September 30, 2013
Old “linear bearings” used in the walking T-Rex exhibit for the American Museum of Natural History. These weren’t the original bearings. Somebody else put these in. These appear to be out of a filing cabinet of some sort, and no amount of grease (in spite of somebody’s best efforts) will ever fix a poor design decision.  REAL linear ball bearings are being installed in their place. When these lost their marbles (literally) the entire mechanism began to shake and shimmy, causing a pretty serious series of cascading failures behind them. 

Old “linear bearings” used in the walking T-Rex exhibit for the American Museum of Natural History. These weren’t the original bearings. Somebody else put these in. These appear to be out of a filing cabinet of some sort, and no amount of grease (in spite of somebody’s best efforts) will ever fix a poor design decision.  REAL linear ball bearings are being installed in their place. When these lost their marbles (literally) the entire mechanism began to shake and shimmy, causing a pretty serious series of cascading failures behind them. 

September 25, 2013
Played tourist today - The 100” Hooker telescope at the Mt. Wilson observatory. 100” is the diameter of the main mirror in this telescope. BIG telescopes use curved parabolic mirrors, kind of like magnifying bathroom mirrors, instead of lenses, since they’re a lot easier to manufacture at these enormous sizes. Mirror diameter is equal to the light gathering power of the telescope. Big mirrors allow you to view very dim objects. Big mirrors also usually have LONG focal lengths too, which means greater magnification. A truly awesome instrument that I’d like to see a lot more of in the future.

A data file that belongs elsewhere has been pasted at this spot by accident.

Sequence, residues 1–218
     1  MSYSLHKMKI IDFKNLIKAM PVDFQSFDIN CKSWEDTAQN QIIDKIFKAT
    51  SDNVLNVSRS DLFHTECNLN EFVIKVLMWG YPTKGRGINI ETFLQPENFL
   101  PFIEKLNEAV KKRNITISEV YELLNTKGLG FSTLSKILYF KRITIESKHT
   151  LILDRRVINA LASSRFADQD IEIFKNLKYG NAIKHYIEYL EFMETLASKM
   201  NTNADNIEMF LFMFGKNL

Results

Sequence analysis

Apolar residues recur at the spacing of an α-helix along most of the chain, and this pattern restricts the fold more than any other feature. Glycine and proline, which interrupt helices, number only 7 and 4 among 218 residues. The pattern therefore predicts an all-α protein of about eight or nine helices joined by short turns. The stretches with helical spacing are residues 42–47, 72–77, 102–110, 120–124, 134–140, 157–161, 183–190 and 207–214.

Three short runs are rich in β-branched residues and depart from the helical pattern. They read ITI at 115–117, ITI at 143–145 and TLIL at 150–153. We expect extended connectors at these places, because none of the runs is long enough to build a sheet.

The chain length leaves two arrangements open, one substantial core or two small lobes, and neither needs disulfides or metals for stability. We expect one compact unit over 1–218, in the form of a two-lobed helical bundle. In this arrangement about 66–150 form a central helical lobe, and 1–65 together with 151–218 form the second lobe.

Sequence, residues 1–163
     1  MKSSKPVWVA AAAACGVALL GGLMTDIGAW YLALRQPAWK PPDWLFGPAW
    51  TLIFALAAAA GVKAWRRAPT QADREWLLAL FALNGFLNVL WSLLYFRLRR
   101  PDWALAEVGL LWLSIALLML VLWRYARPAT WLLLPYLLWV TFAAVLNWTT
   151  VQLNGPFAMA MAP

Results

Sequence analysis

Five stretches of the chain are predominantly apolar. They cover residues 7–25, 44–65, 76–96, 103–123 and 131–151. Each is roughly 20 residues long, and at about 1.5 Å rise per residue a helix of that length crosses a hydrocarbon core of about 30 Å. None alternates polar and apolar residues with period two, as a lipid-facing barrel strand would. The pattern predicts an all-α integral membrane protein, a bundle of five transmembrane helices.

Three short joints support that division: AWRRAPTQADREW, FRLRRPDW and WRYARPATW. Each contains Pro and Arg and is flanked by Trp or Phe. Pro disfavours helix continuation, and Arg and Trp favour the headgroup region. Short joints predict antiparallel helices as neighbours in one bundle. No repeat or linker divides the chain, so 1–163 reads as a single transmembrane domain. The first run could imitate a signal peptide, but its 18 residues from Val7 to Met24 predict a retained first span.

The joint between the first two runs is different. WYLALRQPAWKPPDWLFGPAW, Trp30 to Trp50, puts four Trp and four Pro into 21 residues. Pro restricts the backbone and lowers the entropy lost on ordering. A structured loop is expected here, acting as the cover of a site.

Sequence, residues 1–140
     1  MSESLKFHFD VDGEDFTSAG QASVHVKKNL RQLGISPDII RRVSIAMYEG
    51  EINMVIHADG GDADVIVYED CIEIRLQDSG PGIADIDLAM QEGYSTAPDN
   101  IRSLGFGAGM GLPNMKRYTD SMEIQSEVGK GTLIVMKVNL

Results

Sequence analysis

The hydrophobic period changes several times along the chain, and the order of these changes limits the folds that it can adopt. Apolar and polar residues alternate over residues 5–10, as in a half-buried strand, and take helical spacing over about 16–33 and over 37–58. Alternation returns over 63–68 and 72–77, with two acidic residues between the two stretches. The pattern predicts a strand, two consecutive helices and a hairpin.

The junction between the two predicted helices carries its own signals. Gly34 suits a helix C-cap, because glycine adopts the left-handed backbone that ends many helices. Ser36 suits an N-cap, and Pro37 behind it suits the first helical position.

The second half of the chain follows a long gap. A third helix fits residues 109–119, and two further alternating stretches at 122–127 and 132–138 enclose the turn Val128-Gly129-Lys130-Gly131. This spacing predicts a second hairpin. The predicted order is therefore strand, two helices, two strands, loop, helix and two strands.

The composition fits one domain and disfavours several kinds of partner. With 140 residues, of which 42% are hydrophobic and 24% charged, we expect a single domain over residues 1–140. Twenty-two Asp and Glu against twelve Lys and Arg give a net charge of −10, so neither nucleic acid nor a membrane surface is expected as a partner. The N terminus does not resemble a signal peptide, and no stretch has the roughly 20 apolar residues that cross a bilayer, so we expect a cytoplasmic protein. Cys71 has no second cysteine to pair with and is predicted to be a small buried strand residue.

Played tourist today - The 100” Hooker telescope at the Mt. Wilson observatory. 100” is the diameter of the main mirror in this telescope. BIG telescopes use curved parabolic mirrors, kind of like magnifying bathroom mirrors, instead of lenses, since they’re a lot easier to manufacture at these enormous sizes. Mirror diameter is equal to the light gathering power of the telescope. Big mirrors allow you to view very dim objects. Big mirrors also usually have LONG focal lengths too, which means greater magnification. A truly awesome instrument that I’d like to see a lot more of in the future.